The Queen Charlotte Islands form part of Wrangellia, an exotic tectonostratiphic terrane, that includes parts of western British Columbia, Vancouver Island and Alaska. I'll be bringing my rock hammer and kayak to the mist-shrouded archipelago of Haida Gwaii next month to collect ammonites from the Middle Albian, Haida Formation. Over the years, my field work has yielded exquisitely preserved species marine specimens from the Middle Albian, including Desmoceras, Brewerikceras and Douvelliceras. This trip will be a return to some familiar sites, both because of the fossils found there and their sheer beauty, and forays to new outcrops seldom visited.

The islands are separated from the British Columbia mainland by Hecate Strait, a 40-mile wide channel of tempestuous water. Haida oral tradition tells of a time when the strait was mostly dry, dotted here and there with lakes. And indeed, during the last ice age, glaciers locked up so much water that the sea level was hundreds of feet lower than it is today. Soil samples from the sea floor of Hecate Strait contain wood, pollen, and other terrestrial plant materials that tell of a tundra-like environment. Whether or not the strait was ever completely dry during these times, it seems that it did at least contain a series of stepping-stone islands and bridges that remained free of ice.

Today, the highest peaks are often bare of vegetation and snow-covered during most of the year, but back in the time of the glaciers, these same local mountains were the birthplace of advancing ice. Precipitation and a significant drop in temperature gave rise to the Queen Charlottes ice-sheet, a thick mass of flowing ice that ran tandem with the Cordilleran sheet in the Hecate Lowlands.

Looking around today, you can see where the ice left its mark. Many of the Islands’ valleys sport the tell-tale post-glaciation U-shape profile and picturesque erratic boulders can been seen sitting like sentinels on the beach, lone watchmen with an eye to the sea. While the glaciers on the Queen Charlottes were localized, to the east, what had once been and would again be the continental coast was pressed down beneath over a kilometer of ice — the Cordilleran ice sheet.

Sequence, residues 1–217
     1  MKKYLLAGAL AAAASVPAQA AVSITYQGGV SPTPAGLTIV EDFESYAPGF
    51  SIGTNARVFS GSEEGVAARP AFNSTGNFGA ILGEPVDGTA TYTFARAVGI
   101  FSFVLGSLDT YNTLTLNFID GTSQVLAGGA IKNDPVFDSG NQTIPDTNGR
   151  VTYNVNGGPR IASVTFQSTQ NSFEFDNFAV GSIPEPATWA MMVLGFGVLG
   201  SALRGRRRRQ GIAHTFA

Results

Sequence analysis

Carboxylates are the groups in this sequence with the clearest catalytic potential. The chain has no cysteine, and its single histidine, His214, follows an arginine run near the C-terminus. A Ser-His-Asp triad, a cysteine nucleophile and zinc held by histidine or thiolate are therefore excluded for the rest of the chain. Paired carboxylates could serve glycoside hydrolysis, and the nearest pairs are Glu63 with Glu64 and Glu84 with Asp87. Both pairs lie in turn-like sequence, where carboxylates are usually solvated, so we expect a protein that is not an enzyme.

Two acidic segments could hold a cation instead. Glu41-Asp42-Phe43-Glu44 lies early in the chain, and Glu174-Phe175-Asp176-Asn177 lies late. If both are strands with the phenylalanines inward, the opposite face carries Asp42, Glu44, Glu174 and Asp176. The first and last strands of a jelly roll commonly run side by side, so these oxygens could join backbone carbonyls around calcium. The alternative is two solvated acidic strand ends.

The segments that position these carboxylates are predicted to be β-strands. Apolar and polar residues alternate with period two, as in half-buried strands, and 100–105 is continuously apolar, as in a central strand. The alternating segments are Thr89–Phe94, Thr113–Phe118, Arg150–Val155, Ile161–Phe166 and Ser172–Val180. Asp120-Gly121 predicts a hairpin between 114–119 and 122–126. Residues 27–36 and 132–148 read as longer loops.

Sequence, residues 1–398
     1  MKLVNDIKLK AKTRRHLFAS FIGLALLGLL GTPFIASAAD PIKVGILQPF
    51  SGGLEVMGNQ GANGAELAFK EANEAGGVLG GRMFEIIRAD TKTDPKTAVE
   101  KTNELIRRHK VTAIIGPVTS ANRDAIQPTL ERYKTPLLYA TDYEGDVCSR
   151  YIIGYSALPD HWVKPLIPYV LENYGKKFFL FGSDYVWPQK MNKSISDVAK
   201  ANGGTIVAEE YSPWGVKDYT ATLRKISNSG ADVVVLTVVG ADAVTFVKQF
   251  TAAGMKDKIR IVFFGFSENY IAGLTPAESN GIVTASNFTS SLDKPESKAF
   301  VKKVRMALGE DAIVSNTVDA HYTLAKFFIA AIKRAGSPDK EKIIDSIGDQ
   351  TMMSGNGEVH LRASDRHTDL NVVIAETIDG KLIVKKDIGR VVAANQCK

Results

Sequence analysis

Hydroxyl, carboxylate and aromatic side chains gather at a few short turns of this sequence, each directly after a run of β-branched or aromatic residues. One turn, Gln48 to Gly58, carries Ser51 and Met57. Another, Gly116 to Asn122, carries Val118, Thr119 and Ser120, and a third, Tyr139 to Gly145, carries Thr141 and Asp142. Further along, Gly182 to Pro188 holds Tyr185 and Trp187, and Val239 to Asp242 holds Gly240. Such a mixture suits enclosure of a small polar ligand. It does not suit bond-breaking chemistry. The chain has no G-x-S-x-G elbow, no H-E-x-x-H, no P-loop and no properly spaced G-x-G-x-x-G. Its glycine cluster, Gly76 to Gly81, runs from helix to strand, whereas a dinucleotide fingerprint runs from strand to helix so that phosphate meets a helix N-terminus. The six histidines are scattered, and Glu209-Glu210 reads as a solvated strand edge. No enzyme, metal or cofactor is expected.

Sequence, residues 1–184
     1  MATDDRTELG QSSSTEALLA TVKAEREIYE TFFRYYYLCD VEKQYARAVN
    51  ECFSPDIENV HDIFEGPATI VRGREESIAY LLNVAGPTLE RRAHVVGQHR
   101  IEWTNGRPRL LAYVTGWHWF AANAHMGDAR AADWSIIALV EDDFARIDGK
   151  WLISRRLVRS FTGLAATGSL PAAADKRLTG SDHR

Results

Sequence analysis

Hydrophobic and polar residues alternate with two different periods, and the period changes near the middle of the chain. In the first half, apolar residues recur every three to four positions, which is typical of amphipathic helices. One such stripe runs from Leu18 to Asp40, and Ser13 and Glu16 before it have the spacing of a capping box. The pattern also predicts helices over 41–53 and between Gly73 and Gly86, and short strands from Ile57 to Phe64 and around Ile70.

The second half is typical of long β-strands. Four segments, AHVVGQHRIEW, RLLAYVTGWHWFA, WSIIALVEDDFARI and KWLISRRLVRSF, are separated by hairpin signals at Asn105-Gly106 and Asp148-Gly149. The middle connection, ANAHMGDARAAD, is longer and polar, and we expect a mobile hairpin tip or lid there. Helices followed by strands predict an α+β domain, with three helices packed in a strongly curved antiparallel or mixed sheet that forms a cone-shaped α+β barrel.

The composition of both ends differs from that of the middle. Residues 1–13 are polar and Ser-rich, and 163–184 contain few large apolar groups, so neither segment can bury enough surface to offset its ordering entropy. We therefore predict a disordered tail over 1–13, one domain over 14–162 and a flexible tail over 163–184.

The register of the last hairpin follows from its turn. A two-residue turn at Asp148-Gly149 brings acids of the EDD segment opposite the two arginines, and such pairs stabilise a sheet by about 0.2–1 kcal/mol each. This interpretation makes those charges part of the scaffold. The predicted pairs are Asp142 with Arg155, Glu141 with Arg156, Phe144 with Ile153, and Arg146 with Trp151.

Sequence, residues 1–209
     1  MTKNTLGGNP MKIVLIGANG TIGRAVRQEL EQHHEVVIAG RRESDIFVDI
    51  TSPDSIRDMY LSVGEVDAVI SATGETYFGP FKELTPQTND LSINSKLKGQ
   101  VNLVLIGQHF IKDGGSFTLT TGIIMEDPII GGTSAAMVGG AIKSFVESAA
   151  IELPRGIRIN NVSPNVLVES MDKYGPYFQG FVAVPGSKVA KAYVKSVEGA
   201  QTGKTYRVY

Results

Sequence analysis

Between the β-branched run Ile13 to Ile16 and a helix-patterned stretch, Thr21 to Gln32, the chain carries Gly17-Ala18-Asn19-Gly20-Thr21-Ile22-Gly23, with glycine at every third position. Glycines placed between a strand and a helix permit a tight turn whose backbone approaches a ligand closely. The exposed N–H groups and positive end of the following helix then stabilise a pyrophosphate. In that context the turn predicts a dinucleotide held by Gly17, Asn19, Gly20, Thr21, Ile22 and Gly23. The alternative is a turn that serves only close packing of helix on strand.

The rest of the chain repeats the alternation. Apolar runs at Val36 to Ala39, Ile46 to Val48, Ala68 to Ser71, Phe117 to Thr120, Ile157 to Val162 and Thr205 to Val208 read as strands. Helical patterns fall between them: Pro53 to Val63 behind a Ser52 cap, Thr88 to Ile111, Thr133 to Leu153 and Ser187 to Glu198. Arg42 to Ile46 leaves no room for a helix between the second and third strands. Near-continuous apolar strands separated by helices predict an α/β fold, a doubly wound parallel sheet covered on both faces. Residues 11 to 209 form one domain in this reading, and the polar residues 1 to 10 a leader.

The glaciers melted between 15,000 and 10,000 years ago, helping the Siberian big-game hunters migrate inland on foot across the Bering Land Bridge. These two events had significant effects on the level of sea and land. The first was the release of all the previously locked up water, causing a dramatic rise in sea levels. The second was the simultaneous rise of the continental edge and fall of the Charlottes. This rise in sea levels transformed the westernmost highlands and mountains of ancient BC into the archipelago of Haida Gwaii and its inhabitants into the master seafarers of the West Coast.

The Hecate Strait served the Haida much as the English Channel served the British after the Norman Conquest: it was a formidable moat that discouraged attacks from the mother continent, but which they could cross at will to explore, trade, and pillage.  For many cultures, obtaining the stable food supply and permanent residences needed to develop advanced artisanship and specialized trades and crafts required becoming an agrarian society: clearing fields, planting crops, and/or raising livestock. But for the Haida, Mother Nature served as farmer, tending the tideland fields.

The enormous difference between high and low tide in Haida Gwaii – up to twenty three vertical feet – means that twice a day, vast swathes of shellfish are unveiled, free for the taking. An ancient Haida saying is still often heard today, “When the tide is out, the table is set.” Archaeological evidence shows that by about five thousand years ago, gathering shellfish replaced hunting and fishing as their primary food source.

While my trip will be focussed on big water kayaking and collecting marine molluscs for science, my stomach also hopes to enjoy some of the seafood bounty Mother Nature provides.